A lot is written about the fact that we in the U.S. have the lowest amount of paid time off from our jobs than any of the other developed countries. But not much is happening here to change that.
With the time that workers now spend in one job trending downward, the amount of vacation time they get is reduced as well, since vacation allowances are typically connected to service time with that employer.
China, one of our main economic competitors (and the target of a current trade war with the U.S.), has for some time cultured a “996” workweek for tech company employees: 12 hour days, 6 days a week. That to me is the definition of a “workaholic”. In the U.S. there is a common belief that you need a balance in your life between work time and personal time. That is especially true if you have children to raise. It’s different if you are a small business owner or a key player in a start-up. But people in those situations have made the choice to accept that they will sacrifice free-time for monetary rewards.
A 2010 survey by SHRM, as reported in the SHRM article, “Survey: Work/Life Balance Off-Kilter in U.S.”, indicates that 89% of the workers surveyed feel that this is a problem in the U.S. But the trend has been to require more and more from workers (which increases productivity, assumedly), and the current historically low unemployment rates mean that this will continue (fewer available workers for the work to be done). And vacation time, paid or unpaid, will continue to be hard to come by.
What is the answer? Early in the 20th century it was growth in union organizing. If workers here continue to be dissatisfied that may again be the result. There are also several states that mandate leaves of absence for workers to deal with personal and family issues (according to abetterbalance.org , there are seven states currently with such laws), which exceed the requirements of the federal Family and Medical Leave Act (FMLA)). Improvements/enhancements to the FMLA itself have been contemplated by federal lawmakers (the Family And Medical Insurance Leave Act, known as the FAMILY Act was introduced in Congress in February 2017).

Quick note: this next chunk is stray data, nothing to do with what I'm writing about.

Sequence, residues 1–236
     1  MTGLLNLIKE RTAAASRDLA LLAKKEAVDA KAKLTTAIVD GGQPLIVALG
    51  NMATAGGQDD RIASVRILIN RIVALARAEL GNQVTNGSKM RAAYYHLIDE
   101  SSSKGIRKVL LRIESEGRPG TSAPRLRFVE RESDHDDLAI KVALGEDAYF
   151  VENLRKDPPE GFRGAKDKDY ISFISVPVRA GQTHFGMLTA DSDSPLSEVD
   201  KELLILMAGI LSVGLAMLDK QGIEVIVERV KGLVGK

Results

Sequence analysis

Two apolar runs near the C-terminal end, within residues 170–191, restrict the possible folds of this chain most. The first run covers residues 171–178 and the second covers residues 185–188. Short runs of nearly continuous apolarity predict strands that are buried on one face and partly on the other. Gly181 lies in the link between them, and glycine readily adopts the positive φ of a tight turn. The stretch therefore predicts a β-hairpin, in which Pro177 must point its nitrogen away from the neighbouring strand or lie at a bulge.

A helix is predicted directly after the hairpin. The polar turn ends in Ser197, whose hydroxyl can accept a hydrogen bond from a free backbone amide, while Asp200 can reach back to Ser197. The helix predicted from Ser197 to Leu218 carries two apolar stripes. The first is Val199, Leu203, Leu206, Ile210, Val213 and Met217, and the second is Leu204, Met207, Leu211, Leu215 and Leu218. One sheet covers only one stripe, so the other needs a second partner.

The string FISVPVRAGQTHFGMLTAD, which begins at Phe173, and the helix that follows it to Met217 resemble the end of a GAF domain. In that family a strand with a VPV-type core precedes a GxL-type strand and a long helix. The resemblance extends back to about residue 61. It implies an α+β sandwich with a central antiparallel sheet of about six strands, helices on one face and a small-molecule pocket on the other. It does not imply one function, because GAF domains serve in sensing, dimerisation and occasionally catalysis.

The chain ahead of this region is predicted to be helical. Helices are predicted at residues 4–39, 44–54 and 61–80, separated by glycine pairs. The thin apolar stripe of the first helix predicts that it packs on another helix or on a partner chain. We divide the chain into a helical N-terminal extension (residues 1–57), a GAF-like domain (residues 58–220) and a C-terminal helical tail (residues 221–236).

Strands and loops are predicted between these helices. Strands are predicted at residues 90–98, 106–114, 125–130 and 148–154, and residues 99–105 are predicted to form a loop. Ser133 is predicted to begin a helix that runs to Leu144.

Certainly the “996” approach is not going to take root here in the U.S. But it also may mean that to stay competitive in the world market the pendulum cannot swing too far in the other direction. What is clear is that attention needs to be paid to this difficult issue.
I recently facilitated a session for Osher Lifelong Learning (OLLI) in Prescott AZ entitled “Retiring Retirement”, based mainly on a TED Talk by Jan Allen (“Retiring Retirement: A Personal Upgrade for the 3rd 3rd”), but also drawing from the book The 100 Year Life by Linda Gratton and Andrew Scott.
Here are a couple of my takeaways from that session:
According to a 2016 McKinsey Global Institute report, by 2022 those 65 and older are projected to make up 36% of the US workforce. We “boomers” are working longer, well past the typical retirement age of 65 that our parents were used to (which was based on average life expectancy of 61).
We are living longer now, many to age 100 or beyond. A gift of more time in our lives. Our later years are changing from a destination to a continuing journey.
Marc Freedman, the founder of Encore.org and contributor to The Upside of Aging by Paul H. Irving, talks about “rethinking the patio life”. He wonders if fishing, golfing, sitting around the patio (“recreation”) can sustain us physically, emotionally and intellectually throughout our extended life periods. Or do we need continued purpose, engagement, stimulation and challenges (“re-creation”)?
Of those people that I have encountered that are “retired” and push-back on the idea of “retiring retirement”, it is usually the case that they have actually engaged in post-retirement activities beyond “leisure” activities, such as volunteering with non-profit organizations, supporting political or civic causes, giving back to their communities. They have found ways to add value, to make a difference; a purpose for their lives going forward that is more than just a “job”.